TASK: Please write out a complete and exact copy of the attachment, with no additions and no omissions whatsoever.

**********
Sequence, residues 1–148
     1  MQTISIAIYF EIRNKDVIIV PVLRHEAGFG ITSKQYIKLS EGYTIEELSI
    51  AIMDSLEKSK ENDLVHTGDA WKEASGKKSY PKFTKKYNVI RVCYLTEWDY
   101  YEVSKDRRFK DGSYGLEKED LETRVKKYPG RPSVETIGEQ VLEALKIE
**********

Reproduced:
Sequence, residues 1–148
     1  MQTISIAIYF EIRNKDVIIV PVLRHEAGFG ITSKQYIKLS EGYTIEELSI
    51  AIMDSLEKSK ENDLVHTGDA WKEASGKKSY PKFTKKYNVI RVCYLTEWDY
   101  YEVSKDRRFK DGSYGLEKED LETRVKKYPG RPSVETIGEQ VLEALKIE